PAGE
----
Regarding depression, many studies show that comorbidity with chronic pain also has an effect on daily functioning and quality of life [6,13,16]. For example, Holzberg et al. [17] found in pain clinic patients, that somatic and cognitive symptoms of depression significantly correlate with psychosocial functioning even after controlling for the effects of pain level.

Veterans with chronic pain and PTSD have more severe depression, pain, and disability compared to those without PTSD [12]. Bras et al found that quality of life measured by the World Health Organization Quality Of Life-BREF questionnaire, was reduced by 9.9% in war veterans with low back pain, 26.0% in those with PTSD, and 37.0% in combined PTSD and low back pain; suggesting strong synergistic effect of PTSD and low back pain [5].

Taken together, the above studies indicate independent effects of depression and PTSD in the functioning of chronic pain patients. However, there remains a gap in our knowledge in understanding how much PTSD contributes to chronic pain and pain disability beyond what is attributed to depression; and if there is an additive effect in disability for patients suffering from both psychiatric disorders.

Limited studies address the interplay between pain, PTSD, and depression and no studies examined the direct effect of PTSD in the relationship between depression and pain in a cohort of veterans. Understanding such relationship can have important prognostic and treatment implications. Thus, the objective of this study was to investigate this correlation and the possible additive effect of PTSD and depression on pain and disability in the veteran population. A related objective was also to examine if there was an additive effect of comorbid depression and PTSD on pain intensity and interference with functioning. We hypothesized that depressed patients with PTSD would have significantly more pain and functional disability than those with depression but without PTSD.

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Methods

 

After obtaining local IRB approval at the Durham VA medical Center, we examined 182 patients presenting to Durham VA Medical Center Chronic Pain clinic by clinical interview and physical examination. We assessed pain severity using the Brief Pain Inventory (BPI) and Visual Analogue Scale (VAS); and pain interference with daily functioning using the BPI-Interference subscale [18]. Chronic pain should be measured not only based on severity but also importantly on functional disability, i.e., the limitations on functioning due to pain [19]. A simple measure, that is commonly used in the literature for this purpose is the Interference subscale of the Brief Pain Inventory (BPI) [20].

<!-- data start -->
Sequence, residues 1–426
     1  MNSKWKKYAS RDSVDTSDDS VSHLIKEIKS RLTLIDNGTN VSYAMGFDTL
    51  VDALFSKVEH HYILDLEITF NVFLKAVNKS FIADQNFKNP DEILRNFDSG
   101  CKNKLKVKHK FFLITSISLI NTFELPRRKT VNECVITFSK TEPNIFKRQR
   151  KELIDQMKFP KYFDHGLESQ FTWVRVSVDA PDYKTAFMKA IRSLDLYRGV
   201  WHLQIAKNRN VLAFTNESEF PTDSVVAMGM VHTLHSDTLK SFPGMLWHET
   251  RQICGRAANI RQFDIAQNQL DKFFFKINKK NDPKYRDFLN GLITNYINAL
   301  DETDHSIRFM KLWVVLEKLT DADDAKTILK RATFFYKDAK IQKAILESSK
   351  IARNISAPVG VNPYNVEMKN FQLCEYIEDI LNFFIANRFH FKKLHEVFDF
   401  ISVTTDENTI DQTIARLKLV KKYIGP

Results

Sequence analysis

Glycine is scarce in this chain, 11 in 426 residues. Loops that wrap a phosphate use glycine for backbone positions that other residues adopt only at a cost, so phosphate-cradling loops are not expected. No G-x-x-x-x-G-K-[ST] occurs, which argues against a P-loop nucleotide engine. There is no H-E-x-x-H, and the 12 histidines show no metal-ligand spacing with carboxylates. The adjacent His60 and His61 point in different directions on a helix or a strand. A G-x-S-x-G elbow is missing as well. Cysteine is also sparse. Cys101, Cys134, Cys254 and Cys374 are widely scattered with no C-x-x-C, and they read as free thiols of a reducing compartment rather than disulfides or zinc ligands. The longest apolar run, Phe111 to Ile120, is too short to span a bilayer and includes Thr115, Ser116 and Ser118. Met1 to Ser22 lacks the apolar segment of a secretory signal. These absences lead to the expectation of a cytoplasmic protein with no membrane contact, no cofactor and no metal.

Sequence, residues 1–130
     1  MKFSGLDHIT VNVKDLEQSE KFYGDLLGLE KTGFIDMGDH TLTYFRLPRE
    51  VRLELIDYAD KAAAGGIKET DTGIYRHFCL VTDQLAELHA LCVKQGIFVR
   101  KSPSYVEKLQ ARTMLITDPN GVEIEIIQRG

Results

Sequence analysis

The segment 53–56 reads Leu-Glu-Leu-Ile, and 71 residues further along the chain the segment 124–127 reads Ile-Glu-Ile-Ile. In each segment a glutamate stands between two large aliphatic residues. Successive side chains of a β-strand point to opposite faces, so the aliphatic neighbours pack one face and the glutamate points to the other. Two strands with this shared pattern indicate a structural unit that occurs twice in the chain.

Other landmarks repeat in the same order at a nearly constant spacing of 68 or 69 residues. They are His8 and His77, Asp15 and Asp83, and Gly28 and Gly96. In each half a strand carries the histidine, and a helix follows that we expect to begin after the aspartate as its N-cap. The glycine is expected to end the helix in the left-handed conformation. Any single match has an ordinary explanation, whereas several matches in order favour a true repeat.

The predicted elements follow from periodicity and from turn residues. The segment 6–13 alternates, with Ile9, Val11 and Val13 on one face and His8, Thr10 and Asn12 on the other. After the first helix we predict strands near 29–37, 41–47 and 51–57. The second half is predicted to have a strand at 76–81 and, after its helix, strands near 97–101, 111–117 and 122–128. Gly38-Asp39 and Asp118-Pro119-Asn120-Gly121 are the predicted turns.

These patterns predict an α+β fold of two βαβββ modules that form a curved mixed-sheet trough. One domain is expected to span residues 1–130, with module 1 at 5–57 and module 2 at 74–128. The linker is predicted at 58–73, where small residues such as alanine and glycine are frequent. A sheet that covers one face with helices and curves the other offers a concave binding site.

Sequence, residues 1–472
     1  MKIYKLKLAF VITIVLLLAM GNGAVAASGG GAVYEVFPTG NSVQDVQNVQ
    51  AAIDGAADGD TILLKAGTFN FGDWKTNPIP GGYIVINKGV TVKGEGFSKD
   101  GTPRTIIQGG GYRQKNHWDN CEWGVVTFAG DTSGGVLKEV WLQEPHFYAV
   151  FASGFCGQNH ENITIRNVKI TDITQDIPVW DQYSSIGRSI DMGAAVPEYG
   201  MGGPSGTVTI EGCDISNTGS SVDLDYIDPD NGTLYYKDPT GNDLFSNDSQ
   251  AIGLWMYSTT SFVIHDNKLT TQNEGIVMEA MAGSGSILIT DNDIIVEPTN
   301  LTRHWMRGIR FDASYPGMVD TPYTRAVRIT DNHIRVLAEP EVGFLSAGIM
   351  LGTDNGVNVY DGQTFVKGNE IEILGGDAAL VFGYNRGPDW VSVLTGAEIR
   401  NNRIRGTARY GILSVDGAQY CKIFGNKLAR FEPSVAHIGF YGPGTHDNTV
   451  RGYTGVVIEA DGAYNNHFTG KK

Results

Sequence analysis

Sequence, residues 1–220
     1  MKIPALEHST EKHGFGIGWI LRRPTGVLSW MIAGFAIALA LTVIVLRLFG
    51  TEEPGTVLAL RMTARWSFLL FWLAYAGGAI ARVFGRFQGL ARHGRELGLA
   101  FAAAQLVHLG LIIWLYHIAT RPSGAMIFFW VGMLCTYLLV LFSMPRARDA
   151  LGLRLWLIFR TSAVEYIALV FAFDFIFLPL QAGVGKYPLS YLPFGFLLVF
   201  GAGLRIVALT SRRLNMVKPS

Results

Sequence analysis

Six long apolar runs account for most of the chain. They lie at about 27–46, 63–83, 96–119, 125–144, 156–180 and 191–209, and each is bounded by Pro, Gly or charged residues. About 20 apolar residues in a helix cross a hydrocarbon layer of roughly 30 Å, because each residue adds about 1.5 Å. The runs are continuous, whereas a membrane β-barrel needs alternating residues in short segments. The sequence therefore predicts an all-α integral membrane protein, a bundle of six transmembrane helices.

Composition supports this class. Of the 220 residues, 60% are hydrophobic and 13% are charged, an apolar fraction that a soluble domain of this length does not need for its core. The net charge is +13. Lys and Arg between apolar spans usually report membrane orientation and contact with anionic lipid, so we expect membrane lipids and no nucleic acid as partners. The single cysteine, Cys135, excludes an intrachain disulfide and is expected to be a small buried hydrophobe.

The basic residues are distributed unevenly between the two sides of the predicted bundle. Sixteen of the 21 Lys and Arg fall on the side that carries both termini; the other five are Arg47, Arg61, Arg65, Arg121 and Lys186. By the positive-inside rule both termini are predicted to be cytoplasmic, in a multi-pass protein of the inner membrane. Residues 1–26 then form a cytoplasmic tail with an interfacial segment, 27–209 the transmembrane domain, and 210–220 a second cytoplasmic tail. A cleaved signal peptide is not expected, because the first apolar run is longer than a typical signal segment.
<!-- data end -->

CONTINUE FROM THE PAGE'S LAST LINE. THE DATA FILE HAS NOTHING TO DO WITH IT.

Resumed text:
Depression was assessed using the Patient Health Questionnaire (PHQ-9) scale [21]. Patient Health Questionnaire (PHQ) is a self-administered scales used to assist in diagnosis and severity of depression based on the Diagnostic and Statistical Manual of Mental Disorders (DSM-IV). Each of the 9 items is rated as "0" (not at all) to "3" (nearly every day). Diagnosis of PTSD was obtained from the patients’ records based on clinical interview.

We performed statistical analyses using SAS version 9.2 (Cary, NC). Pearson's correlation with a priori significance level at 0.05 was used to estimate the correlation between pain intensity and depression as well as the correlation between pain interference and depression in veterans with and without PTSD.

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Results

 

One hundred and eighty two veterans participated in this study, 42 with PTSD diagnosis and 140 without. Characteristics of both groups are detailed in Table 1. Groups had similar age and gender distribution, with slightly higher percentage of white race in the PTSD group (50% vs. 36%). Depression scores were higher in the PTSD group, with a mean PHQ-9 score of 17.38 (SD = 5.64) vs. 13.15 (SD = 6.58) in the non-PTSD group. Using the optimal PHQ-9 cut point of > or = 10 for detecting depressive disorders (21) we found that the vast majority of patients in the PTSD group (88%) met the diagnostic threshold for depression vs. 68.57% in the non-PTSD group. Severe depression, measured by (PHQ > or = 20) was almost twice as prevalent in the PTSD group (38%) compared to the non-PTSD counterpart (19%). (Table 1)

 

Table 1: Demographics.

 

Analyses using Pearson's correlation show that the correlate between depression and pain severity in patients with PTSD is 0.43 (p < 0.0048) while the correlate in those without PTSD is 0.45 (p < 0.0001). Additionally, correlates between depression and pain interference with daily functioning in patients with PTSD is 0.62 (p < 0.0001) versus those without PTSD is 0.66 (p < 0.0001). (Table 2)

 

Table 2: Correlation Analysis: PHQ-9 with BPI Pain Intensity and PHQ-9 with BPI Interference.

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Discussion